#Giveaway PRUNING THE DEAD

by Julie, grateful for one last summer like day

Pruning The Dead MMOne of the interesting things about being a published author is keeping track of where you are in the process for each book. Right now, wearing my Julia Henry hat, I am finishing book 2, just did the copy edits for book 1 Pruning the Dead), and am starting to noodle book 3 a bit so I can weave some clues through book 2.  Are you confused? So am I, a bit.

I’m very excited about this series, and can’t wait for you all to meet Lilly Jayne, Tamara O’Connor, Ernie Johnson and Delia Greenway aka the Garden Squad. They guerilla garden and solve mysteries in Goosebush, Massachusetts. Lilly and Tamara have been best friends since they met in nursery school over sixty years ago. I love writing about women who have lived a lot of life, and have plans to live a lot more while making it better for others.

Since this series is about gardens, I’ve been gathering gardening tips from friends and family. I quickly discovered that along with the tips I am getting stories. My Aunt Carol and Uncle George told me about their fathers’ gardens, both of which I remember. My sister Caroline told me about her practice of bringing plants in for the winter. I know about that practice because she decorates them all for Christmas every year. I’ve loved learning about their best plant magic, and getting glimpses into their passion.

I’m thrilled to let you know that the ARCs for Pruning the Dead have arrived, and I am going to give two copies away to readers of this blog! US and Canada entries only. I’ll leave the comments open until October 15.

Also, if you have any gardening tips you’d be willing to share, leave those in the comments as well. I’m gathering them for books 2 & 3!

93 Thoughts

  1. Oh wow, that sounds like a wonderful book. Can not wait to read it. I am sorry but I do not have a green thumb whatsoever. I have been trying to keep this peace lily I have alive for the past 2 years and it’s barely hanging on. Good luck!

  2. I look forward to meeting the Garden Squad. I have lots of perennials and my husband and I keep a small vegetable garden. Sometimes I’m very successful, sometimes not so much. This year I planted gladiolas and they were gorgeous and long lasting. I dug the bulbs to keep over the winter and will give them another try in the spring.They were ~1″ in diameter when I planted them. When I dug the out out they’d doubled in size. I hope that means huge blossoms next summer! I’ve never heard of decorating plans for Christmas…

  3. The new series sounds good! I have no gardening tips because I am terrible with plants. My grandmother had a green thumb and could grow anything. Unfortunately I didn’t inherit her talent with plants.

  4. I’m looking forward to reading your new series. No gardening tips from me but I enjoy other people’s gardens, especially their flower gardens. Happy writing.

  5. Yay, Julie! As a long-time gardener and even farmer, I can’t wait to read this.

    If you need tips about growing garlic, about starting seeds indoors, about hardening off – I’m your girl. Just ask. Flowers, not so much, although I did have a gorgeous bumper crop of sunflowers this year – all volunteers from prior years.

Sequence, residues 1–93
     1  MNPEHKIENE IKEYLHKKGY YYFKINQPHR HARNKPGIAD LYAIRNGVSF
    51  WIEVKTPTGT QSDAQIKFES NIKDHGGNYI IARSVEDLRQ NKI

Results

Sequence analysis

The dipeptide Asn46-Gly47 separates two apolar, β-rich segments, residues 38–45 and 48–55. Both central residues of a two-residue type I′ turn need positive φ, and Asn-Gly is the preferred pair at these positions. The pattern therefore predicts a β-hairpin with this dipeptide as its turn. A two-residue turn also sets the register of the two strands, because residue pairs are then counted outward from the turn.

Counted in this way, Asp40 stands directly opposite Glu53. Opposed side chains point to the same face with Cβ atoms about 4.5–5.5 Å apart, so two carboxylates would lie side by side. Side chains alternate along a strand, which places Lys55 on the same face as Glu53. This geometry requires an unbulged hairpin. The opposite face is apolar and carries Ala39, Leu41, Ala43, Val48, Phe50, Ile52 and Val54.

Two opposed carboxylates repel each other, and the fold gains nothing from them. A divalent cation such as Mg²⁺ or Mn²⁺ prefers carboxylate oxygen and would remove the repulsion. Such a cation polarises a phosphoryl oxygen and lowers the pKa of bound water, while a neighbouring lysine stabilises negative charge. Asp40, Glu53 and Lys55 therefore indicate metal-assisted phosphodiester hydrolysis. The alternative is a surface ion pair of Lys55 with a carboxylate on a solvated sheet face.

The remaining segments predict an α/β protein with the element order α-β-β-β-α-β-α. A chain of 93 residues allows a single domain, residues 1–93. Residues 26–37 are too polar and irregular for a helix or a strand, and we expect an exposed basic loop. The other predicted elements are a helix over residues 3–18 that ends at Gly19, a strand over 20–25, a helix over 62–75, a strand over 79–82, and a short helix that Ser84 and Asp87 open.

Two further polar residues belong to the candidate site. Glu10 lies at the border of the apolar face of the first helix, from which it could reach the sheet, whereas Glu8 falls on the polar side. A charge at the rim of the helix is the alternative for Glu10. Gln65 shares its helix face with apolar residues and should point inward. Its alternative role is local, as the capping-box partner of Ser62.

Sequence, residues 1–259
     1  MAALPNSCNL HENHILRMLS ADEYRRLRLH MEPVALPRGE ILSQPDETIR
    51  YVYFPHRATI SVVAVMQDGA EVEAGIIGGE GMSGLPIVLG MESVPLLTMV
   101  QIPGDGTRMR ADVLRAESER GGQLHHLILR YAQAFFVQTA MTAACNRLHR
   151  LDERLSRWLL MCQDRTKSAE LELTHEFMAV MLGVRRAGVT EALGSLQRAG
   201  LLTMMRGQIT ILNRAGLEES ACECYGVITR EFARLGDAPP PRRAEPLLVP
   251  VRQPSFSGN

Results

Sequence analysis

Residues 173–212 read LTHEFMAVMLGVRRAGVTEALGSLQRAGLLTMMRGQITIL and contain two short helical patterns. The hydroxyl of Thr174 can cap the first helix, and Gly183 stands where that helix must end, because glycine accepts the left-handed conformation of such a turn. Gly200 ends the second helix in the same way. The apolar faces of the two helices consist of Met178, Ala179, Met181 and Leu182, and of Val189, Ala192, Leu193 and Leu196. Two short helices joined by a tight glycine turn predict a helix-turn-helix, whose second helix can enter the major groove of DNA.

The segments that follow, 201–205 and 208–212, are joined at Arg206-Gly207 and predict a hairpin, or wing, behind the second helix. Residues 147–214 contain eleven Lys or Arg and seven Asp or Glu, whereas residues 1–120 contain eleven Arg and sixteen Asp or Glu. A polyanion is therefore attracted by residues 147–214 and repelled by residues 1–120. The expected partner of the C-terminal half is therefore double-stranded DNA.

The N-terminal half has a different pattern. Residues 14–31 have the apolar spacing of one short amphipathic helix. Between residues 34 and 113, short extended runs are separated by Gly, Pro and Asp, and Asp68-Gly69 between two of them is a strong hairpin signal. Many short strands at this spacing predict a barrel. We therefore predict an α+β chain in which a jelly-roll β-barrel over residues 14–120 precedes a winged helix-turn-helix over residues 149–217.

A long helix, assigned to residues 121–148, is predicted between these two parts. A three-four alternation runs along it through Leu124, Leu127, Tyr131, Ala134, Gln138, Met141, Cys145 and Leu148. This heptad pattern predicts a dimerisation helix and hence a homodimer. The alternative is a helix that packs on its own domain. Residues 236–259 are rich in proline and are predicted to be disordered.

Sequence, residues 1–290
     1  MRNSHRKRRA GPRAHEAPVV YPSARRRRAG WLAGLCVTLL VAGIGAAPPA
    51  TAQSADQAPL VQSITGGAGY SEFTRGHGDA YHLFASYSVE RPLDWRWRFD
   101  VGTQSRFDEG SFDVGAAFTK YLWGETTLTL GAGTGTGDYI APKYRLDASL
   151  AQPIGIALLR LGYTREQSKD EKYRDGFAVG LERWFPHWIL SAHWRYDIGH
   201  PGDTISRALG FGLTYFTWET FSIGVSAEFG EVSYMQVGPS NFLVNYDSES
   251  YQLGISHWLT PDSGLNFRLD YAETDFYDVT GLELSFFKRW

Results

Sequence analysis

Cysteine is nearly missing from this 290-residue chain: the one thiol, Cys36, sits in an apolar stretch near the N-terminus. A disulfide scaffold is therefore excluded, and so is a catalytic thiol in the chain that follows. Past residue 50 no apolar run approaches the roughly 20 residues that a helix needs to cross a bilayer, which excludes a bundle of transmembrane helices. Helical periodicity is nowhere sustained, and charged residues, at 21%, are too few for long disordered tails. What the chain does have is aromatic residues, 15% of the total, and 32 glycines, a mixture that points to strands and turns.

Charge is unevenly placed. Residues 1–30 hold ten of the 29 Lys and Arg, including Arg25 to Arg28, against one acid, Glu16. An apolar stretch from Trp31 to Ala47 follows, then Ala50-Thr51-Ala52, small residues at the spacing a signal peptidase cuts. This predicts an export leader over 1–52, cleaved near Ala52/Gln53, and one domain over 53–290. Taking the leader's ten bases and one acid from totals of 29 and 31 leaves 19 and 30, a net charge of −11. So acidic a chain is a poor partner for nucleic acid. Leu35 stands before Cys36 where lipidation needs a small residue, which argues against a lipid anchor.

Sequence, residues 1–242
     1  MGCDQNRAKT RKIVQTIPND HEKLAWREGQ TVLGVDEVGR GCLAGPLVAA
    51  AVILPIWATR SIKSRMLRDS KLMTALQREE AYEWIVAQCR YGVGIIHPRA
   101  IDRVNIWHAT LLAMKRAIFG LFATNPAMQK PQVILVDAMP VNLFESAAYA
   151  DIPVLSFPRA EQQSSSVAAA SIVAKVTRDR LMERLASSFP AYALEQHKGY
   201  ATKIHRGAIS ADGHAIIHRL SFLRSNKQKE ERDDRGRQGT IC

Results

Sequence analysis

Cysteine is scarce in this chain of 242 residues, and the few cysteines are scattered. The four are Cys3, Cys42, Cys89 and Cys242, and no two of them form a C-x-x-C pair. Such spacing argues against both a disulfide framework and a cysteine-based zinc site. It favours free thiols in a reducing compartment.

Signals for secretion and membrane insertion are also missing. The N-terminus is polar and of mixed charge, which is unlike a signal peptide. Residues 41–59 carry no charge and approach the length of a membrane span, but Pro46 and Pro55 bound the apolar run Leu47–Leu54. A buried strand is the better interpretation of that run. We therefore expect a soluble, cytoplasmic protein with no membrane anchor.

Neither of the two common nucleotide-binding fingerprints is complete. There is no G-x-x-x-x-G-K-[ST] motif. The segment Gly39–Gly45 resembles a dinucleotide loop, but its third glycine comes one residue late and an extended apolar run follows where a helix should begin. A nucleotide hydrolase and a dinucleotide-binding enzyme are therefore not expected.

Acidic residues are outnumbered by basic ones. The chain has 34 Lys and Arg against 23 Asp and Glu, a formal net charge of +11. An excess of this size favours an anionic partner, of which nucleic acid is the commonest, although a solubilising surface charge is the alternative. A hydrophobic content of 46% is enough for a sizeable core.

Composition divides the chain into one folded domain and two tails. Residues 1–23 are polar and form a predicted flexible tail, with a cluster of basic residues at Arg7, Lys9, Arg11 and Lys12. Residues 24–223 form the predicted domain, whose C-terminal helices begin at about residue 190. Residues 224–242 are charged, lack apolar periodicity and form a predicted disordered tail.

6. Congratulations on your new series. It sounds amazing. Unfortunately I have no gardening tips, I tend to have a knack in growing weeds. Yard work and sprucing up the front of the house tends to be a yucky chore for us. Maybe it’s because we really don’t have a clue what we are doing 🙈🙈 I wish I could have a beautiful garden.. but all I ever see are weeds that take over,. Yuk!
    Hopefully I will get some ideas as well😊
    Thank you for the chance. ❤️❤️

  7. Always love starting s new series. Love the names of the folks in the squad. One of the best things about cozies are the tips,or recipes that are also included. I have no gardening tips but look forward to learning some

  8. Congratulations on your new book. I love the title. I’m not the world’s greatest gardener but I’ve had success with using Epsom salts in the soil when I plant tomatoes. I have had better luck with my tomatoes since using this tip.

  9. No gardening tips as I am not much good with plants, but I love looking at them and reading about them. Long wood Gardens in PA was a favorite place to go growing up.

  10. Sounds like a fun series that both my mom and I would enjoy! I don’t garden really, but my mom really enjoys it as do most of her siblings.

  11. I would love to win a copy. I used to live on 42nd St. In NYC, so moving to MA was a shock. My biggest tip– some chores can’t wait, or they become overwhelming. Do a little every day the weather allows.

  12. What a fun series this sounds like! I would like to see your sister’s plants at Christmas. Does she use just small ornaments or does she also put lights on them? I may need to try this. My grandpa was a fantastic gardener, roses being his forte. The very last rose on his bushes was always brought to our home on Christmas morning!
    Thank you for the chance to win the book.

  13. I am new to the cozy mysteries and your book looks very interesting, i am putting it on my list of to be read. I would love to have an ARC, but either way i am making plans for this series to sit on my shelves. thank you and have a great day.

  14. In theory I love growing things. In practice, I’m terrible at it. I forget to water indoor plants, and the outdoor failures I blame on the weather (heat, drought, three feet of snow) or squirrels (they ate all my tulip bulbs!). The only success I seem to have had is with the plentiful lily of the valley, which was planted before I arrived. They give me an odd sort of comfort (as a mystery writer) because they’re poisonous.

  15. Thank you for the fabulous chance to win an AR copy of “Pruning the Dead”! We love to have both flower and vegetable gardens. Hubby says it’s relaxing and I say it’s work, but either way the beauty and the bounty make it all worth it.

    We have had large gardens before furnishing 14 families besides ourselves. Once we even furnished the tomatoes for the local Mexican restaurant for their salsa for 2 whole months of top of that. Can you say tomatoes EVERYWHERE! 🙂